All the leaves are past their peak now, with most trees retaining less than half of their leaves. The cold nights and mornings are here, and today isn’t suppose to get much higher than the mid forties. I’m sure there will be a warm spell again soon, that familiar Indian Summer break of a few days in early November, but for now, it’s our signal to get things in order, put your garden to bed, get your storm windows in, and prepare for the cold that’s ahead.

End of September

It’s the last day of September and I can’t believe how fast the month has gone by! We’ll welcome in October tomorrow, the month where autumn is at its peak and the days get shorter, colder, and darker. In the interest of community and curiosity, I take turkeycookies’ approach and ask, what do you have planned for October?

*Another round of apple picking, complete with a visit to the petting zoo this time
*Hopefully can another 6 or so quarts of apple sauce
*Play more with pumpkins- I’ve figured out the secret to pumpkin cooking thanks to habitsofamouse
*Bake more delicious pumpkin muffins made with real pumpkin and enjoy countless batches of pumpkin seeds
*Enjoy the crisp nights and smells of wood smoke on evening walks
*Find and experiment more with root crop recipes, including various squashes
*Make lots and lots of soup and homemade bread
*Carve pumpkins and dress up like Star Trek (TNG) officers for Halloween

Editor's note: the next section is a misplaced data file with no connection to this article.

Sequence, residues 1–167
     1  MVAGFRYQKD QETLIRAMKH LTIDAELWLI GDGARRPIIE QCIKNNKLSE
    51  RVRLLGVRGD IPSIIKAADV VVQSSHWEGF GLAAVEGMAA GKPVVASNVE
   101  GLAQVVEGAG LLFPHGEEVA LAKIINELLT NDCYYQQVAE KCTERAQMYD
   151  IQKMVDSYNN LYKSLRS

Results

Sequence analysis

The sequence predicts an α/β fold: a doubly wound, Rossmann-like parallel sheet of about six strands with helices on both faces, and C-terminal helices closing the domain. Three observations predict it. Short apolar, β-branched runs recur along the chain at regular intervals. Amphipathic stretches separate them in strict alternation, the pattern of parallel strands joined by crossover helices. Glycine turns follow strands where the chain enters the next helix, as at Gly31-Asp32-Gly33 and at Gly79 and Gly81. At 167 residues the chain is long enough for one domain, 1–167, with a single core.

Welcome Autumn

With the arrival of the equinox, today we welcome autumn to the northern hemisphere. It’s crazy how fast time flies the older you get. September is quickly coming to a close and yet it feels like the month just started. The last few weekends of late summer have brought us plenty of happiness. We marked the arrival of September with a trip to the Rutland Fair, enjoying the day with great company- visitors from the north, my Mom and Step-Dad (Hi Tom!). My husband took second place in the amature art show and all four of us spent the weekend catching up and celebrating. The weekend after that marked the passing of my Grandfather. Unable to make it home, we spent a day up at VINS exploring and learning in his remembrance. And last weekend was our first trip to the orchard for apples, picking up squashes and filling the weekend with batches of applesauce. This weekend will be a wedding, working on some final harvesting in the garden, experimenting with pumpkins, and more cleaning and buttoning up as October is fast upon us.